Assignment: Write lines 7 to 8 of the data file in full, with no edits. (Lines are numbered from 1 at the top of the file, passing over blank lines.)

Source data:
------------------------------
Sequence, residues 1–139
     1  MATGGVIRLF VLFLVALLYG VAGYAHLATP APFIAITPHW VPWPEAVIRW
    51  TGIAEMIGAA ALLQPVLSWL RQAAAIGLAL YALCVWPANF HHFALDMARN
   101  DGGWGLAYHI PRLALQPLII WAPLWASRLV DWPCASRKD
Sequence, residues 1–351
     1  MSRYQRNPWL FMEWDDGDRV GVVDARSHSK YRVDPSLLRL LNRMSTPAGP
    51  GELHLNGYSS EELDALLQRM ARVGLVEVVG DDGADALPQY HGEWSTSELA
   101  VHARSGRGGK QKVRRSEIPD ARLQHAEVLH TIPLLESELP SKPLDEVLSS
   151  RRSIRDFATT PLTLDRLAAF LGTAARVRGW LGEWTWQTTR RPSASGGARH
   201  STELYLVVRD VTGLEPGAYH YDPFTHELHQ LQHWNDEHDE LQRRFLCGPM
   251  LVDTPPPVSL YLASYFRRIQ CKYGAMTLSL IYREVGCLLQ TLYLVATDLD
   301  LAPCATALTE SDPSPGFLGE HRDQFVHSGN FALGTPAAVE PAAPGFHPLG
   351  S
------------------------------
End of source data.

    51  GELHLNGYSS EELDALLQRM ARVGLVEVVG DDGADALPQY HGEWSTSELA
   101  VHARSGRGGK QKVRRSEIPD ARLQHAEVLH TIPLLESELP SKPLDEVLSS